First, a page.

Quick Hit: Over ambitious and hilariously artsy, this film spirals a bit out of control and is only slightly stabilized by Stewart’s admirable performance.
I often cruise different film sites (obviously other than my own) to look for different films. I’m consistently trying to expand my film outlook, because I think it’s important as a reviewer to be rounded in the types of films you watch. This works for two reasons – one: it keeps you from repeating yourself. If you at least have different material to work with, you can select different words, even if you are saying the same thing. Second, it also allows you to grow as a reviewer. There are many movies and films I never would have considered had it not been for DFP – I’ve grown tremendously as a film person in the short eighteen or so months.
So that’s how Personal Shopper ended up on my radar. A lot of times, films that get ranted over and have generally favorable Metacritic and Rotten Tomato scores get fairly favorable reviews from me as well. However, this is not one of those times.
I considered Personal Shopper to be an exercise in trying to make an artsy film, and it led to an exercise in me trying to stay awake.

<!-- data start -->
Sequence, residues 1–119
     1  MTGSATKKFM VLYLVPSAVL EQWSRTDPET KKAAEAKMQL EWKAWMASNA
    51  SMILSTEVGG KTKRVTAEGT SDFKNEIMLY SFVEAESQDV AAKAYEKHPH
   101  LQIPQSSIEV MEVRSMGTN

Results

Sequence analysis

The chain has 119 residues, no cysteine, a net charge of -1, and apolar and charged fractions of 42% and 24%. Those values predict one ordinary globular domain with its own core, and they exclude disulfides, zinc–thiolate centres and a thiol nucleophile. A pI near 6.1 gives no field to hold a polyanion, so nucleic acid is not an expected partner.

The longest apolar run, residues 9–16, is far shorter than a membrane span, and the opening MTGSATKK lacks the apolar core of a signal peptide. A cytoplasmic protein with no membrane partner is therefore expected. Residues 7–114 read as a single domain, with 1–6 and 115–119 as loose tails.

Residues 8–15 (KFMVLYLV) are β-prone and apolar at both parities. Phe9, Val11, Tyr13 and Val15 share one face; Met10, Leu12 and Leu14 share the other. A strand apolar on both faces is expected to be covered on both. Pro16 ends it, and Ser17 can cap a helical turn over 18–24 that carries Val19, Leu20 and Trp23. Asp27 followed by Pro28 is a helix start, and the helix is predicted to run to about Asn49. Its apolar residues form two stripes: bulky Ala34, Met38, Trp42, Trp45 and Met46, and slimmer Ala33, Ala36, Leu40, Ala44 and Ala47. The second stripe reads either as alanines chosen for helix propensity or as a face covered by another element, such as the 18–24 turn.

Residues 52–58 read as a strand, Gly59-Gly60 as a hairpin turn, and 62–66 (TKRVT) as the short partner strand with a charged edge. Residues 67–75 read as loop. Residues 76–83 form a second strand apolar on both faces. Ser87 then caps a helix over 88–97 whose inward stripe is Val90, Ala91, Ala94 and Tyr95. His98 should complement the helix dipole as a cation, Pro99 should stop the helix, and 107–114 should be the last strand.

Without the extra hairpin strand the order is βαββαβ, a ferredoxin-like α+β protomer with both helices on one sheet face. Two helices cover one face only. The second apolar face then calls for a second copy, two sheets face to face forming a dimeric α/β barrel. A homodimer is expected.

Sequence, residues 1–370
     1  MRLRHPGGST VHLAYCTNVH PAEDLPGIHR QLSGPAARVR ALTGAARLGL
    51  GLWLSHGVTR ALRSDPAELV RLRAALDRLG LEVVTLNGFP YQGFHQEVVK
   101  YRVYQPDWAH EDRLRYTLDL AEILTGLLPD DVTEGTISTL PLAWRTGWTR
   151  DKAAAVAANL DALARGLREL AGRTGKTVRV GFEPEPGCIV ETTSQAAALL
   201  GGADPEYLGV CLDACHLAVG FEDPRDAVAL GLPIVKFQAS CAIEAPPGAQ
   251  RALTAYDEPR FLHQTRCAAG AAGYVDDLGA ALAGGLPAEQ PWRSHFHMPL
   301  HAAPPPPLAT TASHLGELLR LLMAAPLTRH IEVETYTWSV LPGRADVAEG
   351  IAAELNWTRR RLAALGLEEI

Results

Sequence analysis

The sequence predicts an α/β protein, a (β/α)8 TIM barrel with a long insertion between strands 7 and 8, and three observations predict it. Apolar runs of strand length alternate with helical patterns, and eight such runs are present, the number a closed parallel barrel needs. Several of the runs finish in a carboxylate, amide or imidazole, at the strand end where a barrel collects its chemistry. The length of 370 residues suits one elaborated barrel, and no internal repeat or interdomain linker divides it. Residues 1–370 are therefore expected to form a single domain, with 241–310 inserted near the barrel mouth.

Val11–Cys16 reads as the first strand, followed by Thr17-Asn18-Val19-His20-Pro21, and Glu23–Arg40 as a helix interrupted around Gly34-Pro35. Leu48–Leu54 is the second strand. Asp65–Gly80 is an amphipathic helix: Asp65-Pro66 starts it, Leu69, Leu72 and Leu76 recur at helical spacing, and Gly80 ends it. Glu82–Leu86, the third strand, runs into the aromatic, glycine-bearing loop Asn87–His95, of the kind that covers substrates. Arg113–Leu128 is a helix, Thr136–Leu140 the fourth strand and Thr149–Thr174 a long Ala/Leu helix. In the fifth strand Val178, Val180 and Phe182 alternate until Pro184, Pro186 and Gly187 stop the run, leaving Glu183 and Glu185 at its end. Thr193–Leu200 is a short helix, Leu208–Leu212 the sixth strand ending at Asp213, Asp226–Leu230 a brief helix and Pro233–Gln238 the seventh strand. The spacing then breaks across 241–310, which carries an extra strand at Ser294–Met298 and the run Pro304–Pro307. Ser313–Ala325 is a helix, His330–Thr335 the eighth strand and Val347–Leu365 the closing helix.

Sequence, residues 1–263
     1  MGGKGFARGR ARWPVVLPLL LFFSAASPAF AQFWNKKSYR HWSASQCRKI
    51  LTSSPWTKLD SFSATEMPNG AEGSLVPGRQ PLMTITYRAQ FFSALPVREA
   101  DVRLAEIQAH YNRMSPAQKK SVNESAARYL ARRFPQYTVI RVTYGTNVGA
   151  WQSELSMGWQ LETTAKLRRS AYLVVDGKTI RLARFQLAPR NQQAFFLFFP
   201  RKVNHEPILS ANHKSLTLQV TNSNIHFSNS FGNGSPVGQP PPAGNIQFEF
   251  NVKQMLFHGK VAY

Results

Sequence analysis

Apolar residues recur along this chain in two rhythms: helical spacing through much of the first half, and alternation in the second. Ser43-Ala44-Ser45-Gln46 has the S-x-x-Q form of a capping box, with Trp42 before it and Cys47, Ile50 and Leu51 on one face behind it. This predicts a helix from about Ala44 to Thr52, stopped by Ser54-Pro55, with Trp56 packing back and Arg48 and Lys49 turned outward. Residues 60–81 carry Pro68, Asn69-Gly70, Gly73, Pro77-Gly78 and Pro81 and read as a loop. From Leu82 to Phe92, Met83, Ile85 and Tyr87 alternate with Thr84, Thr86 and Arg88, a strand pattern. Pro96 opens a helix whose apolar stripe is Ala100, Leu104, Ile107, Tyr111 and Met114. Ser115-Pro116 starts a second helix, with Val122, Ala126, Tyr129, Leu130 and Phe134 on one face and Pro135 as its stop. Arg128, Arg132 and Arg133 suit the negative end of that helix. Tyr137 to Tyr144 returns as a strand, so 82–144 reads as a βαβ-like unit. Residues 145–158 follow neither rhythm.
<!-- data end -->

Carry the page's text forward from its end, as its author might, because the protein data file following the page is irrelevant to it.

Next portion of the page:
Personal Shopper follows Kristen Stewart as she shops around Paris and tries to communicate with her dead twin brother’s spirit.
I’m not kidding – that’s the plot. And there is a lot of following Ms. Stewart around as she shops. There’s also a subplot involving a murder and a boyfriend, and her boss being a total mean person. However, there seems to be no coherent thread to follow throughout. The film comes off as a random series of moments leading to a Got-Ya finale.
The films editing and filming helps to accomplish that same goal. We frequently follow Ms. Stewart around corners and between objects, and the camera angle jumps around just as it would if it was a person following her. It leads to a feeling of disquiet and angst throughout the film that is amped up by Stewart’s performance. It is the saving grace in the mess of a film that features poor effects that are essentially the smoke monster from Lost, only worse because it’s white and harder to see.
I couldn’t handle this film, and am only giving it a “D+”.
For more on this film, check out IMDB.
"All work and no play makes Jack a dull boy"